Skip to main content

Why Hunt Deer on Cattle Farms


rutledge-day2-2Editor’s Note: Alex Rutledge of Birchtree, Missouri, has been a Mossy Oak Pro Staffer for the last 6 years but has been in the hunting industry as a professional hunter and TV personality for more than 20years. Today he co-hosts the “Bloodline Outdoors” TV show on the Sportsman’s Channel and the “Bloodline Outdoors” radio show. When we asked Rutledge about his favorite Mossy Oak pattern, we found a true believer. “Mossy Oak’s original Bottomland is hard to beat, but I also hunt in Break-Up, and this year I’ll be hunting in Mossy Oak Break-Up Country.”

There are several reasons why I prefer to hunt cattle farms. Cattle ranchers know that they have to have highly-nutritious soils to produce grasses and hay on which the cattle can feed. On a cattle farm, the rancher understands that he has to feed his cattle all year long. A cattle man also realizes that cattle have to have water and also pastures with some type of thickets and shade trees. All the same needs of cattle equal all the same needs deer have. Also because most fairly-large cattle operations have small patches of woods in their pastures and on their properties, these small patches of woods create sanctuaries for deer.

rutledge-day2-3One of the key reasons, besides the ones I’ve already mentioned, that I hunt cattle operations is because ranchers usually ride their properties every day to check on their cattle. So, they will see and encounter any deer on their lands. The rancher may or may not know where older-age-class bucks are feeding, bedding and watering, but he’ll usually have pinpointed the areas where he most often sees a big buck. Since I try to be the best friend I can be to the landowner and his property that I hunt, always taking care of it, these landowners will share their knowledge with me about places where they’re seeing older-age-class bucks. Before the season in the middle of the day, I’ll go into those regions and look for food, water and bedding sites and the deer trails leading to those three kinds of areas. Once I locate these key sites where deer go daily, that’s where I’ll set-up my trail cameras.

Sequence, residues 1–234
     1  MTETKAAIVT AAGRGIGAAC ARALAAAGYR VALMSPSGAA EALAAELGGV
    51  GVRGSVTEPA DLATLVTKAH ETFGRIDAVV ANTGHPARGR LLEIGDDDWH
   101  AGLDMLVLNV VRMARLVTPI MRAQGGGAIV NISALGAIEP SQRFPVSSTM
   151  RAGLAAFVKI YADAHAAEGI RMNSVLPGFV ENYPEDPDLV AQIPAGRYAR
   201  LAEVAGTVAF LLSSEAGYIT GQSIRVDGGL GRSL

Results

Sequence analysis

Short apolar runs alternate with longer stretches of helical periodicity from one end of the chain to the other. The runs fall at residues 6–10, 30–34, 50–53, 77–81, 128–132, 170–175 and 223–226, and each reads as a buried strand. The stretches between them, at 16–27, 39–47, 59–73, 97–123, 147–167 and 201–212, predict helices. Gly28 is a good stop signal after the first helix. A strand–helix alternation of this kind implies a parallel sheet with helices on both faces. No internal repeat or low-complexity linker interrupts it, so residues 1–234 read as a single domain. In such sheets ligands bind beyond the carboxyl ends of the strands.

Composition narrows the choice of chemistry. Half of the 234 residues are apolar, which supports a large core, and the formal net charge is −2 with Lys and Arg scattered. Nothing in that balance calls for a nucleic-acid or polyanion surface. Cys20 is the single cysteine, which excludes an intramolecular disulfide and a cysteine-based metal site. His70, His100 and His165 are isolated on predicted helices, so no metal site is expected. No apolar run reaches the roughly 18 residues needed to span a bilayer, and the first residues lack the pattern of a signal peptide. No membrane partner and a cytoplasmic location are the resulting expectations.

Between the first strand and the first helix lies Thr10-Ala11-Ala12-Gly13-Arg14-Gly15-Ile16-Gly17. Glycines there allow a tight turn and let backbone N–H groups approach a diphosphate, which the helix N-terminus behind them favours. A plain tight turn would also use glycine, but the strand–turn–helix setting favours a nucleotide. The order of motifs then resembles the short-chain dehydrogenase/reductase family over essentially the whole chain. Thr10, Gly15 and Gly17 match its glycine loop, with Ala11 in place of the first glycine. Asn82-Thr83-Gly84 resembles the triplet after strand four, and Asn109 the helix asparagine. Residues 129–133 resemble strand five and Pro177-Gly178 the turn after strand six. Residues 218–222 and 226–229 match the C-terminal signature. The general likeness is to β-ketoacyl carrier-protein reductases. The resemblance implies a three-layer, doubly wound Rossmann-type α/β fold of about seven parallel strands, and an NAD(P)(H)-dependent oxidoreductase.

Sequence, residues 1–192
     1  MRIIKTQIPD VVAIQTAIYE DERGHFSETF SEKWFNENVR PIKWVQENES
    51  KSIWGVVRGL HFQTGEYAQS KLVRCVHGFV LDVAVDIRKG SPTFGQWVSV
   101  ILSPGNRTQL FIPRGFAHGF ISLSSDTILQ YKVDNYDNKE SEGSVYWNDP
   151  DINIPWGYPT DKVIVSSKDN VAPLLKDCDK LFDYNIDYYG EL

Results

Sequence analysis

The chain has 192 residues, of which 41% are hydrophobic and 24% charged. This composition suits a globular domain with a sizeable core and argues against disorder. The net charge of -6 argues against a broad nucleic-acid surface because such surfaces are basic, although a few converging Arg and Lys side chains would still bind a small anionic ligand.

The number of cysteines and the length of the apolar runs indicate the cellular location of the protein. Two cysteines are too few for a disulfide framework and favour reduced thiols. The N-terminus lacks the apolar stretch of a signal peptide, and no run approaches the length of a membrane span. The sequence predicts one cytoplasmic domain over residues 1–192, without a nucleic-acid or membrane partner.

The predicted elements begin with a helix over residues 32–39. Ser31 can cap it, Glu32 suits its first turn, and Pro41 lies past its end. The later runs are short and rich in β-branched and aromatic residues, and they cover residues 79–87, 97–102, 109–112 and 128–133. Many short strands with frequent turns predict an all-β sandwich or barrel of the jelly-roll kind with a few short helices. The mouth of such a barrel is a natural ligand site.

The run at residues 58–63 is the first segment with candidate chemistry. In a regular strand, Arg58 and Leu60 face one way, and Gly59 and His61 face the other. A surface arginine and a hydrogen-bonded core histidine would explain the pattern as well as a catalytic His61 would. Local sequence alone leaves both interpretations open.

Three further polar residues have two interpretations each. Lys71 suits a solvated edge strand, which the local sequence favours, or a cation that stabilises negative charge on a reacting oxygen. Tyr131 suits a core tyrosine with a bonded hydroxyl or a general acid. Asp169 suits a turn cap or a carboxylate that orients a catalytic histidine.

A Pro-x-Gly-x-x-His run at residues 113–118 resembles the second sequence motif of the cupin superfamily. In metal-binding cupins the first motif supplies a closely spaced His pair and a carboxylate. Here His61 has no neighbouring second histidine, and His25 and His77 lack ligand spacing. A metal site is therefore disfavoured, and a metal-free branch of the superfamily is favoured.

rutledge-day2-4Then I’ll tell the rancher and show him where I’ve put my trail cameras, since many of these ranchers and farmers are friends, and I’ll ask him to pull the SD cards out of each camera each week and put into each camera the new SD cards I supply. Then he emails me the pictures and mails me the cards from each camera. Every week I review and store the information from the trail-camera cards I’ve received. SpyPoint ( organizes my photographs for me by dates and also give me the wind direction, moon phase and other critical information about the day and time that picture has been taken. Then SpyPoint organizes the pictures, according to each individual deer that the camera has photographed, and email the pictures to me. This system really helps me know when an older- age-class buck is appearing, and what wind, weather and moon phase may contribute to causing a buck to be at that spot at that time.

Yesterday: Alex Rutledge’s Successful System for Hunting Deer
Tomorrow: Take a Deer on Opening Day

Alex Rutledge’s Successful System for Hunting Deer
At this writing in late July, we’re about 6 weeks out from the beginning of Missouri’s bow season. My first hunt will be in southern Missouri. I don’t go jump in a tree stand because I think I’m going to take a buck. I have a system I use that dictates when and where I hunt, and that system is primarily based on trail-camera information and visual observation.

Latest Content